I have further adapted and incorporated this strategy into my non-questioning phases of the lesson. By giving simple explicit instructions before their task, I am giving them the means to participate with this portion of the lesson and ensure I have students fully understanding how to engage with what I have presented them.
“By writing down the question first, can you answer the question on the board”
“By working in silence, answer your starter questions on the board”
“One member of your group, by walking carefully, go get the equipment needed to start your practical”
This intervention, particularly with my KS3 classes, has enabled a much more settled atmosphere to my lessons. It has set clear expectations of the behaviour I am expecting and given me clear boundaries that allow me to easily set sanctions when those boundaries have been crossed. It also ensures that students are clear on what they are expected to do, and if I think they are not sure, I can follow up with questions to reiterate what I’m expecting.
“By working in silence. Answer your starter questions on the board while I do the register” …
“Alex… What am I expecting you to do, for these questions?”
“By copying the paragraph on the board, fill in the missing words” …
“Sam, how are you going to complete the task on the board?”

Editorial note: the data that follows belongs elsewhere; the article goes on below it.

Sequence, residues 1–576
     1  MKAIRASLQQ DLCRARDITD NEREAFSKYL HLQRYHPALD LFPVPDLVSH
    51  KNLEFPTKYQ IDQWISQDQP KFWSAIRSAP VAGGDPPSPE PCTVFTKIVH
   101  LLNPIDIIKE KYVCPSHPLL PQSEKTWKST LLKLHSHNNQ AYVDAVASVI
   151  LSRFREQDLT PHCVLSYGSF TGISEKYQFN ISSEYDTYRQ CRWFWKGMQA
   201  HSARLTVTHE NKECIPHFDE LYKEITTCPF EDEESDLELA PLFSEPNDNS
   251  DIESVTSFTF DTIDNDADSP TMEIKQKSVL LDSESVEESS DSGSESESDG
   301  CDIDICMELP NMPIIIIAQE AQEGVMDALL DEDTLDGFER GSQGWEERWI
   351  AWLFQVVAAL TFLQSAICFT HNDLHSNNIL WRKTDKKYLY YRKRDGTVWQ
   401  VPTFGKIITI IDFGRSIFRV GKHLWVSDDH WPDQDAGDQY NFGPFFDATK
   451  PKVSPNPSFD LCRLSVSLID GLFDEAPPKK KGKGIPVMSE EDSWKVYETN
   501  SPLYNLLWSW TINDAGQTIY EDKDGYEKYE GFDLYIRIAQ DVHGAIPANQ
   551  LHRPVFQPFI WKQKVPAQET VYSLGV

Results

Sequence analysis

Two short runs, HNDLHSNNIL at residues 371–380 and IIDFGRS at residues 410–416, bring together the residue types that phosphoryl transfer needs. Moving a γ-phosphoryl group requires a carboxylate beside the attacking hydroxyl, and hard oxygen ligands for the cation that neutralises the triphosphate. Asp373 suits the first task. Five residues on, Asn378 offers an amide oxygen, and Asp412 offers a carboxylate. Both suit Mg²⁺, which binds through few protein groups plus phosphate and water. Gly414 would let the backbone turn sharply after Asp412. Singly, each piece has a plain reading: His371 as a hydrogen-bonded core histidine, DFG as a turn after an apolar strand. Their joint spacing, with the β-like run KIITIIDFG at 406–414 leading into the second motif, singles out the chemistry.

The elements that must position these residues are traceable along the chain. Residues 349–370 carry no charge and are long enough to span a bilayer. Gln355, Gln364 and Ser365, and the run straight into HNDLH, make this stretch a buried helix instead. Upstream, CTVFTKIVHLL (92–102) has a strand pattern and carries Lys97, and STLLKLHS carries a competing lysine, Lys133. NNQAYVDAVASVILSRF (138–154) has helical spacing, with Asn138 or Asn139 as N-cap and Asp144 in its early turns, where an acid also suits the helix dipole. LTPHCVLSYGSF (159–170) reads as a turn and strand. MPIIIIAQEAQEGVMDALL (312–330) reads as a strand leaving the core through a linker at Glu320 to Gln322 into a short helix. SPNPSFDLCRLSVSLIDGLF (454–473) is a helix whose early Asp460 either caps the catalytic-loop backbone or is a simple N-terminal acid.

I have also found that by implementing this strategy it has become easier to ask follow-up questions. When the means of participation has not been clear, and several students have called out for the answer. It makes it much more difficult to ask another (or the same) student to develop or expand upon the answer given.
“By putting your hands up, what group does this element belong to?” then, with a follow up question “can you give me another example of an element in that group?”
By incorporating this simple addition to my practice, it has enabled me to not only create the appropriate culture in my class but has enable me to better establish what my expectations are for my students. It has made my KS3 students understand the clear boundaries for what is accepted in my class, I am seldom having to repeat myself or find myself frustrated that students have not grasped what I have asked them too. It has also enabled me to appreciate how the instructions that I have given are ambiguous and therefore causing more hurdles than my explanations have removed. It has provided a platform for the more reserved students to engage without being drowned out. By setting clear expectations that are public for all. It has ensured every student has equal footing in my class, that the two or three students calling out are not masking the 10 students who don’t understand. As well as helping those who are following and engaging with the lesson, to have the best possible environment to do so.
Research School Associate.